Exploring this Job
Field trips to construction sites and interviews with contractors or building trade officials are good ways to gain practical information about what it is like to work in the industry and how best to prepare for it. Summer jobs at a construction site provide an overview of the work involved in a building project. Students may also seek part-time jobs with a general contracting company, with a specialized contractor (such as a plumbing or electrical contractor), or as a carpenter's helper. Jobs in building supply houses will help students become familiar with construction materials.
The American Society of Home Inspectors offers a Virtual Home Inspection Tour (http://www.homeinspector.org/Home-Inspection-Virtual-Tour) that allows you to learn about the work of inspectors. The International Association of Certified Home Inspectors provides a variety of videos that provide an overview of the inspection process at https://www.nachi.org/tv.
This occupation is made up of four broad categories of specialization: building, electrical, mechanical, and public works.
Building inspectors examine the structural quality of buildings. They check the plans before construction, visit the work site a number of times during construction, and make a final inspection when the project is completed. Some building inspectors specialize in areas such as structural steel or reinforced concrete buildings. Before building inspectors can begin work, plan examiners review the building plans to ensure they comply with building codes and are suited to the engineering and environmental demands of the building site
Electrical inspectors visit work sites to inspect the installation of electrical systems and equipment. They check wiring, lighting, generators, and sound and security systems. They may also inspect the wiring for elevators, heating and air-conditioning systems, kitchen appliances, and other electrical installations.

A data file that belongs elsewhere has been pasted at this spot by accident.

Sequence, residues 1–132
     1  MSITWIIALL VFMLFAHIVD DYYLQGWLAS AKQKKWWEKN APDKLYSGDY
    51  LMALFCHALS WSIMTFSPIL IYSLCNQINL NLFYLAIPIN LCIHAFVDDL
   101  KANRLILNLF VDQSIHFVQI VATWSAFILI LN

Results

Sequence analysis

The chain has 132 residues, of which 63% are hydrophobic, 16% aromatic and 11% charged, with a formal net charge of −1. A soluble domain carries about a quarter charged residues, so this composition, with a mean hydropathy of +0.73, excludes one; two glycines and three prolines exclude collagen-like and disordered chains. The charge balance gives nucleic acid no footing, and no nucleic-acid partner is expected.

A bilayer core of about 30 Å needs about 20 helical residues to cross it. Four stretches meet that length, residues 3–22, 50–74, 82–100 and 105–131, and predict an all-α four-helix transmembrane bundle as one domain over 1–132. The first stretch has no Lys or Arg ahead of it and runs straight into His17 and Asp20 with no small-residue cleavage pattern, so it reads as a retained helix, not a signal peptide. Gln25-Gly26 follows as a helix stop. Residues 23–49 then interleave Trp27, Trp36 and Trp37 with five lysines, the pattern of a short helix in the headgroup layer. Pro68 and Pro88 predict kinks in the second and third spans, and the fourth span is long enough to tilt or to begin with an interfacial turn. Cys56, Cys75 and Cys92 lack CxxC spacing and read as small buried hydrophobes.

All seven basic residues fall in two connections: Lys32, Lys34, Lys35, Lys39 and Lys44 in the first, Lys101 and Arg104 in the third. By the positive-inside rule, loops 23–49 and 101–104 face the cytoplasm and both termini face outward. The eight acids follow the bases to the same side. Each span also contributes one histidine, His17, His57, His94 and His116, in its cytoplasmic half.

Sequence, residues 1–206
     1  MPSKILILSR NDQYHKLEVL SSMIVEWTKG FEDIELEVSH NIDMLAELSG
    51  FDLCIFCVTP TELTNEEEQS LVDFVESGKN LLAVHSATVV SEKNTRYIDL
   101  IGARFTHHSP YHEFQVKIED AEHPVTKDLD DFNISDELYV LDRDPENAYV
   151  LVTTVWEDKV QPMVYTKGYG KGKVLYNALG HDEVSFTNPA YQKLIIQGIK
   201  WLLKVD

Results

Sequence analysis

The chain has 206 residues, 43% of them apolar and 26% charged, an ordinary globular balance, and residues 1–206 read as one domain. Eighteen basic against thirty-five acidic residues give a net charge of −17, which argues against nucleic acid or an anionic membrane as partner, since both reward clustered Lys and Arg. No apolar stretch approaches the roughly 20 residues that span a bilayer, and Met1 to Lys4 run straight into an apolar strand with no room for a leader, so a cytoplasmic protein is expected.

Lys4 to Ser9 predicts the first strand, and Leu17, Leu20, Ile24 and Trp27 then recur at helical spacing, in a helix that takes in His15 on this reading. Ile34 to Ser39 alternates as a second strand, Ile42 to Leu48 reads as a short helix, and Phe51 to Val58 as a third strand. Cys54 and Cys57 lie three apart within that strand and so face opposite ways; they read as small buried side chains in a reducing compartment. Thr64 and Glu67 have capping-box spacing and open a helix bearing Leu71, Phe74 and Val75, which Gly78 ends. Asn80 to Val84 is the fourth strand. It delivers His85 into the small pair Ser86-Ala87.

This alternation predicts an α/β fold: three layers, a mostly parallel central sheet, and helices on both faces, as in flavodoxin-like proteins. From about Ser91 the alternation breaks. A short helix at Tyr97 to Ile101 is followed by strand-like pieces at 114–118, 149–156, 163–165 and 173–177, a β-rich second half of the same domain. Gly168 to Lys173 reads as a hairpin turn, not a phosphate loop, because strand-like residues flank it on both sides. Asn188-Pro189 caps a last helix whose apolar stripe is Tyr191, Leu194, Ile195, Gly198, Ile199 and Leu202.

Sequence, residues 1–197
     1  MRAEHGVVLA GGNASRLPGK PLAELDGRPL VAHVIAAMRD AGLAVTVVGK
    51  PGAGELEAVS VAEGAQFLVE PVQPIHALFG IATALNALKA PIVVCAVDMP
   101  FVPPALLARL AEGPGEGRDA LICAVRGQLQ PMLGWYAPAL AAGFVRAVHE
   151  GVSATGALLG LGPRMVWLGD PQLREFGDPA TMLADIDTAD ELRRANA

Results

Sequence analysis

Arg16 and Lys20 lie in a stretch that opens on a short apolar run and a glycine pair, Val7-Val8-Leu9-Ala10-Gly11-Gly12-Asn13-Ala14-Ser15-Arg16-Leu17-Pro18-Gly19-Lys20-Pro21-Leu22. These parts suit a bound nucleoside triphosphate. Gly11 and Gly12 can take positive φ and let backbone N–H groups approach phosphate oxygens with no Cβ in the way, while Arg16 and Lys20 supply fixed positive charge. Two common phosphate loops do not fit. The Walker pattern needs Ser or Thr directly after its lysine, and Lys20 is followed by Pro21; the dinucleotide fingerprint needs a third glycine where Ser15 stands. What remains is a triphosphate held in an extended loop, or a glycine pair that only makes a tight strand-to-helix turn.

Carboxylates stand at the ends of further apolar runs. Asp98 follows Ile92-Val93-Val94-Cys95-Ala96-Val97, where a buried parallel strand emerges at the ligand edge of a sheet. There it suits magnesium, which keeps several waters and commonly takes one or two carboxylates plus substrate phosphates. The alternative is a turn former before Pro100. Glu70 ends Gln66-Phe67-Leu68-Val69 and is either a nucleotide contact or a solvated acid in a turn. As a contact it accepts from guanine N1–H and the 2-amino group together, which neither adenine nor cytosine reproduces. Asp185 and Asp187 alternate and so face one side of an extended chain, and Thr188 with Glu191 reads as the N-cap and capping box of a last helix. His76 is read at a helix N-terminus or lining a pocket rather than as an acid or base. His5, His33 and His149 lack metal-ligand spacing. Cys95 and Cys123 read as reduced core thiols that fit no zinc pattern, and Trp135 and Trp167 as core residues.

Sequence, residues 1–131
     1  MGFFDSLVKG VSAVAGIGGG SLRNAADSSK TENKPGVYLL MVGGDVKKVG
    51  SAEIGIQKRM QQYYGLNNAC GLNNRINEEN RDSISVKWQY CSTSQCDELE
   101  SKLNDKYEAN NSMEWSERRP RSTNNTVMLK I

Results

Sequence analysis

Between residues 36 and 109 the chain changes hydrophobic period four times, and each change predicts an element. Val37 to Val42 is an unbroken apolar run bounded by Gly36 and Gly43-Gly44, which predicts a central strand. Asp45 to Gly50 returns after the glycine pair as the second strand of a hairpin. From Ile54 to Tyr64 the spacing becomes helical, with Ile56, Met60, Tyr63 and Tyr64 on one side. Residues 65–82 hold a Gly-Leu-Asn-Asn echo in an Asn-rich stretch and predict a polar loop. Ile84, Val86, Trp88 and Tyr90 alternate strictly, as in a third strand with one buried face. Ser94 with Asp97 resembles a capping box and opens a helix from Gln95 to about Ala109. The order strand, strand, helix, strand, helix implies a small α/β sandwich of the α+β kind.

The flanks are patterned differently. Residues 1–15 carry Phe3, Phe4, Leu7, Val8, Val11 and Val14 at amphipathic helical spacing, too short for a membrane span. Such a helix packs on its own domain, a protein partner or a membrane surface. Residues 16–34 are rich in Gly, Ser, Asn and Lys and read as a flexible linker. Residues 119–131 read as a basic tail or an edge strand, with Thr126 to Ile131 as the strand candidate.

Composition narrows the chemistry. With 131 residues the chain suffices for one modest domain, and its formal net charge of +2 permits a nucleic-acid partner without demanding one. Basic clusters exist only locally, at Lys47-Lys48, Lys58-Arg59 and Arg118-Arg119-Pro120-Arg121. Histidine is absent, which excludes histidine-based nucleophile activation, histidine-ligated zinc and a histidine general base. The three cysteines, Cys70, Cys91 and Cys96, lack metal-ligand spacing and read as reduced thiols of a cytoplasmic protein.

Mechanical inspectors inspect plumbing systems and the mechanical components of heating and air-conditioning equipment and kitchen appliances. They also examine gas tanks, piping, and gas-fired appliances. Some mechanical inspectors specialize in elevators, plumbing, heating/air-conditioning units, or boilers. Elevator inspectors inspect both the mechanical and the electrical features of lifting and conveying devices, such as elevators, escalators, and moving sidewalks. They also test their speed, load allowances, brakes, and safety devices. Plumbing inspectors inspect plumbing installations, water supply systems, drainage and sewer systems, water heater installations, fire sprinkler systems, and air and gas piping systems; they also examine building sites for soil type to determine water table level, seepage rate, and similar conditions. Heating and refrigeration inspectors examine heating, ventilating, air-conditioning, and refrigeration installations in new buildings and approve alteration plans for those elements in existing buildings.
Public works inspectors make sure that government construction of water and sewer systems, highways, streets, bridges, and dams conforms to contract specifications. They visit work sites to inspect excavations, mixing and pouring of concrete, and asphalt paving. They also keep records of the amount of work performed and the materials used so that proper payment can be made. These inspectors may specialize in highways, reinforced concrete, or ditches.
Construction inspectors use measuring devices and other test equipment, take photographs, keep a daily log of their work, and write reports. If any detail of a project does not comply with various codes, ordinances, or specifications, or if construction is being done without proper permits, the inspectors have the authority to issue a stop-work order.
Another area of specialty is home inspection. Home inspectors are not employed by government agencies and architectural firms, but by people interested in buying a home. Home inspectors examine the roof, the pipes, the electrical system, the plumbing, and other features of a property and provide a report to buyers regarding the overall condition of the house and its systems. The American Society of Home Inspectors estimates that 77 percent of homes sold in the U.S. and Canada are inspected before their sale.